Media organizations in Pennsylvania don't have the right to report from, or take photos and video within, polling places, the 3rd U.S. Circuit Court of Appeals ruled Tuesday.
The 53-page opinion by three judges comes in response to a Pittsburgh Post-Gazette lawsuit against the Secretary of the Commonwealth and the Allegheny County Board of Elections.
The newspaper sought to report on the voter sign-in process, particularly in light of the implementation of new voter identification rules. Pennsylvania law does not allow anyone within 10 feet of polling places except for elections officials, registered poll watchers and voters registered to that site.
The judges found that the constitution contains "protections for some news-gathering activity," but also found that no precedent for any argument that "the press is entitled to any greater protection under this right than is the general public."
They found that while voting in the U.S. was a public act in colonial times, the country later took up the secret ballot. "While the act of voting -- and the process by which voting was carried out -- began its life as a public affair, our Nation's history demonstrates a decided and long-standing trend away from openness, toward a closed electoral process," the judges wrote.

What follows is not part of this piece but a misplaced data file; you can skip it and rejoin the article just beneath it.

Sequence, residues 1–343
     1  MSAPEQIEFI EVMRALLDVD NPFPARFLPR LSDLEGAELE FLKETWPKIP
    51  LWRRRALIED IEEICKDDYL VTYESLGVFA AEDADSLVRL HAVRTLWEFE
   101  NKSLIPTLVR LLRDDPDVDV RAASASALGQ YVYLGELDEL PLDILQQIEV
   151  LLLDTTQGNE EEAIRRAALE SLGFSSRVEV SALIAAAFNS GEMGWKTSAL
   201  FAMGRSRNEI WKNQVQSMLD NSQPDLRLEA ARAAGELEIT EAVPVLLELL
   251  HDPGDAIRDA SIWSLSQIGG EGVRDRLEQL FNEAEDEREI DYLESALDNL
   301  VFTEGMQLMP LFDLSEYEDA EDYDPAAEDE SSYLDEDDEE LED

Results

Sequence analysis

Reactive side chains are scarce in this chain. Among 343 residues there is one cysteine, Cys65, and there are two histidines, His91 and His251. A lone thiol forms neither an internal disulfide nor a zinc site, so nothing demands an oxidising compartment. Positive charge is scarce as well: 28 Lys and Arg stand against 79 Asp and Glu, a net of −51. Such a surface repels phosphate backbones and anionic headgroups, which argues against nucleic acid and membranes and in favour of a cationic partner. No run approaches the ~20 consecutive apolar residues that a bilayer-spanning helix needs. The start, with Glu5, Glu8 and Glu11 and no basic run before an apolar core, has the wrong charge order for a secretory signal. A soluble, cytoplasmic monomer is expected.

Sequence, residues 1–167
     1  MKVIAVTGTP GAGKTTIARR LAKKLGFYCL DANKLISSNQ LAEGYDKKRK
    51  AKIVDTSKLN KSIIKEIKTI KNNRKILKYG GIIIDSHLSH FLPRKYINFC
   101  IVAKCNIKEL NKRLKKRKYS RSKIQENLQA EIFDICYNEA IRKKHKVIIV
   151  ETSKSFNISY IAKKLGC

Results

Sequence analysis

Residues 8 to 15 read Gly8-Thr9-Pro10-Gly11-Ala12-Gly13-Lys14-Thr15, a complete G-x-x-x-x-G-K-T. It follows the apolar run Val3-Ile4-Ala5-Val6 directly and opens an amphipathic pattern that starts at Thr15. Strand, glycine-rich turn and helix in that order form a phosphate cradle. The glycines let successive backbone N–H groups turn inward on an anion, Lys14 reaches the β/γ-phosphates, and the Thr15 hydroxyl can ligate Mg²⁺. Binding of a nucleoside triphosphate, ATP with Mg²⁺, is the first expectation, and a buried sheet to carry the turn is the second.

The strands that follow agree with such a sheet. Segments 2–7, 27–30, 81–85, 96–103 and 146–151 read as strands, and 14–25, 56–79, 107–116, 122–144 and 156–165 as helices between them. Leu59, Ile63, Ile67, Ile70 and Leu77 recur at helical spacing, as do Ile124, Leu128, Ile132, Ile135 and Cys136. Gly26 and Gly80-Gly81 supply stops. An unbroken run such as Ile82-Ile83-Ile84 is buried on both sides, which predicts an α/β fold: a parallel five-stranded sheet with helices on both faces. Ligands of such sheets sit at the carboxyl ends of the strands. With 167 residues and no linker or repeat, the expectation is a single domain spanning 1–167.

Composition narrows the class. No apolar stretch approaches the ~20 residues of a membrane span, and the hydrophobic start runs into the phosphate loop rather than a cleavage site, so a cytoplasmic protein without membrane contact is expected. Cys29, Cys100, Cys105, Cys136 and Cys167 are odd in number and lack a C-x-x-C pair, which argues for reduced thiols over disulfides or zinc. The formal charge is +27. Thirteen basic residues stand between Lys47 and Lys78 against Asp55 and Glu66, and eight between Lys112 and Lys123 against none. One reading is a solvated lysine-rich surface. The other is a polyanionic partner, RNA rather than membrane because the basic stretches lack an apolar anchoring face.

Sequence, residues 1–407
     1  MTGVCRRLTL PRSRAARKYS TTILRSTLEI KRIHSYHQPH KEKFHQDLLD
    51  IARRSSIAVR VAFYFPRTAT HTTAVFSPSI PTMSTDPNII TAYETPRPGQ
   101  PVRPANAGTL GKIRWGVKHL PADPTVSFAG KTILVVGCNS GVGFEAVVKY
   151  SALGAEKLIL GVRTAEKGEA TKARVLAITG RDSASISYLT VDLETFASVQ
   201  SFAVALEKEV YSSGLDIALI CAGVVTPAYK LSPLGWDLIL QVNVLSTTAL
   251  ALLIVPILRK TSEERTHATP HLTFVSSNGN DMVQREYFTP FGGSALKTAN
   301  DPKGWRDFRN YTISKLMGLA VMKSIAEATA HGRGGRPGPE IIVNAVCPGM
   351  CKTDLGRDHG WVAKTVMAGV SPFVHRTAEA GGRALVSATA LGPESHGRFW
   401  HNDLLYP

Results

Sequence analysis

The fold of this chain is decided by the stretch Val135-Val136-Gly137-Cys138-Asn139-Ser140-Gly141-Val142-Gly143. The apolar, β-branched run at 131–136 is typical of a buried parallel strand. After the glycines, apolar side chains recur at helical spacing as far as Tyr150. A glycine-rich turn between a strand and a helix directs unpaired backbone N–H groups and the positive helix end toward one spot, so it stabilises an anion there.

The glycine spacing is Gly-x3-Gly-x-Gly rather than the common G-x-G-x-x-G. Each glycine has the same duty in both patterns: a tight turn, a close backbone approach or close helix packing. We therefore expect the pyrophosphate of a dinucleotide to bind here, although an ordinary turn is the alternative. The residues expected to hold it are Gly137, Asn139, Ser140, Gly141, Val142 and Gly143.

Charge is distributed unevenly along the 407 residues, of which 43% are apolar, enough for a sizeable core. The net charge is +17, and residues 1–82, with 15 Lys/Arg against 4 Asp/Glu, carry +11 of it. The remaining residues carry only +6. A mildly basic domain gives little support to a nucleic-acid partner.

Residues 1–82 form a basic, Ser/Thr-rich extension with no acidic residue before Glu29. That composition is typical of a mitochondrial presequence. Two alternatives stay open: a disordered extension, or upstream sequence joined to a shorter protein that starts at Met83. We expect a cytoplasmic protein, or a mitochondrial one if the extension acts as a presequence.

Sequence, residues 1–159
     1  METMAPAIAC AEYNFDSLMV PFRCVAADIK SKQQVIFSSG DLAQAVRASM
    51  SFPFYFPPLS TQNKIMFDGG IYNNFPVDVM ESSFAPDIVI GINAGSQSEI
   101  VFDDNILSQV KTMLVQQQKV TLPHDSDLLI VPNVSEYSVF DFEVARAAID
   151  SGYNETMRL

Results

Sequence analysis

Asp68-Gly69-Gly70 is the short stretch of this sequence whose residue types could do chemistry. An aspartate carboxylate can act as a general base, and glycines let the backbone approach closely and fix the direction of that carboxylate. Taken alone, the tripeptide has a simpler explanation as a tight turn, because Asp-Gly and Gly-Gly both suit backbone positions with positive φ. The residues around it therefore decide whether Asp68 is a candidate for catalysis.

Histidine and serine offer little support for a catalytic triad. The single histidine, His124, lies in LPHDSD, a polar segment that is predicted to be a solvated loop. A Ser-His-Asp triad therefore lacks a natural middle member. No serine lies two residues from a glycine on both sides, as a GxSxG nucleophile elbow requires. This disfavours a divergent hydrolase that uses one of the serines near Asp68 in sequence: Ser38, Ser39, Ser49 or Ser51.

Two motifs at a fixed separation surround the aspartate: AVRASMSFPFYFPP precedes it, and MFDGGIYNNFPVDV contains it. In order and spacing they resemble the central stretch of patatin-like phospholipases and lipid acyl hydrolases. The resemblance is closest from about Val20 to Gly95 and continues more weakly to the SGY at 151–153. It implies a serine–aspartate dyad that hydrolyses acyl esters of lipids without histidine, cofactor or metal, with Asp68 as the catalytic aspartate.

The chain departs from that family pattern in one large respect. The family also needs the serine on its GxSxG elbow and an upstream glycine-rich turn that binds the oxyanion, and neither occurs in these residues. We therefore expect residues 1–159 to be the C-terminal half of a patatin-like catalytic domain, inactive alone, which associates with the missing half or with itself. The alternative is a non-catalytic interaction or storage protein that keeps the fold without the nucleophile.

They also wrote that voters might not want reporters around when they are showing their IDs.
Frederick Frank, the attorney representing the Post-Gazette in the matter, said the opinion "is not consistent with the precedent on the right of the media of access to government events, and it is contrary to the decision of another circuit on exactly the same issue. For these reasons, we are continuing to pursue our request that the U.S. Supreme Court grant certiori in the matter" and rule on the case.
Rich Lord: firstname.lastname@example.org, 412-263-1542 or Twitter @richelord.